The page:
Opponents question water plans for “semi-desert” Granada

LAST UPDATED: 30 Oct, 2007 @ 10:37
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Junta backs project to drill mineral water from Sierra Nevada

DESERTIFICATION, land erosion and the loss of the province’s only wetlands are just three consequences of a mineral water plan for Granada.

Those are the fears after a Sevilla-based company announced plans to extract up to 31 litres or water per second from underground reserves in the Sierra Nevada mountain range.

With a regional government grant of more than one million euros, Aguas de Sierra Nevada SL plans on drilling water from underground reserves in the Sierra Nevada mountain range.

This has led to claims the plan will lead to the loss of the province’s only natural wetland, the Padul lagoon, which is supplied with water from the same aquifer.

There are also concerns the water plan will intensify desertification in Granada.

According to regional government figures, 60 per cent of land in the province is in an advanced state of erosion and rainfall between 1991 and 2000 was 18 per cent less than the period 1961-1990.

“This will do irreparable damage to the area’s most precious natural resource – water,”

a spokeswoman for the Platform for the Defence of Water (PDW), a collective of residents and agriculturists that oppose the project, said.

Local politicians have also voiced their concern over the project, with leftist group Izquirda Union asking the Supreme Court of Andalucía to investigate regional government backing for the project.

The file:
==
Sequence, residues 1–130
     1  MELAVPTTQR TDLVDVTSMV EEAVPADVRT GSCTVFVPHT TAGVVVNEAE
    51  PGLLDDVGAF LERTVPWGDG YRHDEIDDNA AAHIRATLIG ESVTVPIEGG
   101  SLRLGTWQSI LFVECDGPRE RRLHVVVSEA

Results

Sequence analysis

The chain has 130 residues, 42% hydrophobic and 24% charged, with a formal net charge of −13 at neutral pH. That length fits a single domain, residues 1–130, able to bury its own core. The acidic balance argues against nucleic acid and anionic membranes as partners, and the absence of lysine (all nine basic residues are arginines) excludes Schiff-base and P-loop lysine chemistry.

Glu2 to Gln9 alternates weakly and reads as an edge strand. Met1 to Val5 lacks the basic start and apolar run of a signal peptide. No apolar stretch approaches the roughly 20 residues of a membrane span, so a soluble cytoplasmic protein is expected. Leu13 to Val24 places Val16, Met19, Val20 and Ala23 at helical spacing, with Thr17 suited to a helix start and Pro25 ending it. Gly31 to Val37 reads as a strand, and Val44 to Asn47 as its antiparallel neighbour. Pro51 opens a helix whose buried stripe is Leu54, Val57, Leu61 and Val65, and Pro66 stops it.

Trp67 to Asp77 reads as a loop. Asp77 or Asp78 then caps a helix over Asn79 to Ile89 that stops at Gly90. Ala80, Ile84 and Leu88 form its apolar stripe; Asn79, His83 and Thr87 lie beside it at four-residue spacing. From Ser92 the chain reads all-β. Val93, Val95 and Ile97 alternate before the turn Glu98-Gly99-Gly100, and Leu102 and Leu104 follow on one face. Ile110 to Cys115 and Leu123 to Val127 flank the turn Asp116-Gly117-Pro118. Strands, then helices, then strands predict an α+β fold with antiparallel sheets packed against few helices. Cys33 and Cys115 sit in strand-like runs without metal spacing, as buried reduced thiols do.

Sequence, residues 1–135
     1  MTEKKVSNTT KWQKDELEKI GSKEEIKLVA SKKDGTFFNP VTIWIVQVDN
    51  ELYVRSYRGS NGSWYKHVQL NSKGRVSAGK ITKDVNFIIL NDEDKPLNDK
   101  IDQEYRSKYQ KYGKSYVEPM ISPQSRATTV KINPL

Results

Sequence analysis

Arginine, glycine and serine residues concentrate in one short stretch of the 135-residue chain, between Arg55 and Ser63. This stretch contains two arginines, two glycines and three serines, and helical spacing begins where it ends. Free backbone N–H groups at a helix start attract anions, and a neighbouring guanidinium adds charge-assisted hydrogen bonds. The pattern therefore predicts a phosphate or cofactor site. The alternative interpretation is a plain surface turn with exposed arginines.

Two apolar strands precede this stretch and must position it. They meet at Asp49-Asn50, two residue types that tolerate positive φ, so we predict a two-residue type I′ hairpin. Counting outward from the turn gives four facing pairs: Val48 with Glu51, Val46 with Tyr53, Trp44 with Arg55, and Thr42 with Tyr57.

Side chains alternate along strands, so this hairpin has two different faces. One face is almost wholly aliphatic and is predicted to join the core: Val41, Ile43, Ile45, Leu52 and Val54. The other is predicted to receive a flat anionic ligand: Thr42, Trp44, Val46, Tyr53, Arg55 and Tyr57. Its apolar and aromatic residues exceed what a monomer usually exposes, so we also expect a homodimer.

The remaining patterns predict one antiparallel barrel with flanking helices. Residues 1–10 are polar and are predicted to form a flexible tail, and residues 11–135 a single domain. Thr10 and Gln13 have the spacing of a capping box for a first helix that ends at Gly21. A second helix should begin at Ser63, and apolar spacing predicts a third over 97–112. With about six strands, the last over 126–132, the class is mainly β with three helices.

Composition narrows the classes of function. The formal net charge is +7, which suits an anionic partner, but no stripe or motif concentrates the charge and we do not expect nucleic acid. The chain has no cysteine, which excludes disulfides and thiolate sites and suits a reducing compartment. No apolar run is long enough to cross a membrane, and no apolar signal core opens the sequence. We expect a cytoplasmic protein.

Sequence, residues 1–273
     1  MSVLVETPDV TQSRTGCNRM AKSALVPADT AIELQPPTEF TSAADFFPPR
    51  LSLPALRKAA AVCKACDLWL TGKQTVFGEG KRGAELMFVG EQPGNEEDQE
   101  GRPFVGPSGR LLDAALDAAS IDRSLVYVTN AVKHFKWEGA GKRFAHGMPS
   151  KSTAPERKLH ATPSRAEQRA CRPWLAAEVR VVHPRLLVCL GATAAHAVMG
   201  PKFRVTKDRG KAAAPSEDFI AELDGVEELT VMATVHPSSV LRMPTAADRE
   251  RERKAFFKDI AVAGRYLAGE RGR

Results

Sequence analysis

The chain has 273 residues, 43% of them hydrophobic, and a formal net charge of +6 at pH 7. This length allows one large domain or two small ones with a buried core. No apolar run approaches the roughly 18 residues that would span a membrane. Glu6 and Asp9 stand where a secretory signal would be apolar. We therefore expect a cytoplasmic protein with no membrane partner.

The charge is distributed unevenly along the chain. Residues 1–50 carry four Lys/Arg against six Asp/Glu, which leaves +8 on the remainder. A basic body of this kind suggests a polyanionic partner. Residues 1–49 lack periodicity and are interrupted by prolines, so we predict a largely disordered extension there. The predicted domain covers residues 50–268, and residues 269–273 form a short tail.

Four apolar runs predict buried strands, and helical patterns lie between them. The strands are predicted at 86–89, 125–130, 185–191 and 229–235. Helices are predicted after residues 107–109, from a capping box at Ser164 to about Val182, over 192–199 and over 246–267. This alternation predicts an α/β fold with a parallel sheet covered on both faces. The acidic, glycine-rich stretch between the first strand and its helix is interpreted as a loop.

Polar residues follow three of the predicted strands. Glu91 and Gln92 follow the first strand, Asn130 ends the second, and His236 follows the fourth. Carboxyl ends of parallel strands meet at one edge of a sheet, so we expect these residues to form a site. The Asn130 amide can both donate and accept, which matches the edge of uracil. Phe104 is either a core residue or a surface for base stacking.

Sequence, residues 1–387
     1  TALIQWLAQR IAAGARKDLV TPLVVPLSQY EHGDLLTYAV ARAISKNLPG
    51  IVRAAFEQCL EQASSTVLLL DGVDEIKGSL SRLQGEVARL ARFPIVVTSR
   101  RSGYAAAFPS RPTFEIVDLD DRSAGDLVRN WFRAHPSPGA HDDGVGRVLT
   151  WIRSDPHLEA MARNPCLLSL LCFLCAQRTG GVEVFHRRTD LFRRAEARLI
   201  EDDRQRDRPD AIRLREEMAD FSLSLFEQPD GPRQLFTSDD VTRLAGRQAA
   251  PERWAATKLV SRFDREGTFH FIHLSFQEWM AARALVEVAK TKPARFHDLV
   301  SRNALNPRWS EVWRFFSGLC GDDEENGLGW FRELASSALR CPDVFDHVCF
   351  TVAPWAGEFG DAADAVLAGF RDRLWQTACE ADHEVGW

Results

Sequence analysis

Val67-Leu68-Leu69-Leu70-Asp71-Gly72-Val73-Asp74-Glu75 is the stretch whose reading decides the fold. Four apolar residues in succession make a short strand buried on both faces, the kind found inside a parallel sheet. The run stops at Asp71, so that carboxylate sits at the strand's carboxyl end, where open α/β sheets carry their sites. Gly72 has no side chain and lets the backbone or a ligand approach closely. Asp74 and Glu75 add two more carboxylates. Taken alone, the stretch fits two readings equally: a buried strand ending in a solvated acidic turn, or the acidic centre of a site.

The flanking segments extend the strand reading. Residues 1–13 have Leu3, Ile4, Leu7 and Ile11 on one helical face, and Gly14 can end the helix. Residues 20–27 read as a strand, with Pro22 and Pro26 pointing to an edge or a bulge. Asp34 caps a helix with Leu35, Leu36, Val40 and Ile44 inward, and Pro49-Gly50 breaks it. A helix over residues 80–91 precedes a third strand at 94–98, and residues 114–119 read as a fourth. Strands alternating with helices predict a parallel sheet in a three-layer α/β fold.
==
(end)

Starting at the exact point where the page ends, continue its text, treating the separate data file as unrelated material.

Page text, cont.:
In addition to the grant, Aguas de Sierra Nevada has enjoyed the full backing of the regional government, which has also conceded a loan of almost 2,500,000 to the company.

“This extraction of water is ten times what the population of Dúrcal consumes daily and is the equivalent of 30 per cent of all bottled water sold throughout Spain,” the political party said in a statement.

In further plans that have left many angered, the company also wants to build a bottling plant on the Zahor mountain, which towers over the Lecrin Valley town.

This, according to claims, will destroy 60,000 square metres of protected land.

The council of Dúrcal, which also gave its backing to the plan, claim the bottling plant will generate employment in the town.

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  1. It is quite beyond comprehension that pockets of subterranean water which extend dozens of square kilometres below Padul and Durcal are appropriated by private companies to be bottled and sold.
    It is even more infuriating when, upon further investigation, we find that said private enterprise has been hugely financed with public money!
    In a country which is on the verge of no-return desertification such activities are a manifestation of moral corruption and the unscrupulous manipulation of public funds for private benefit.

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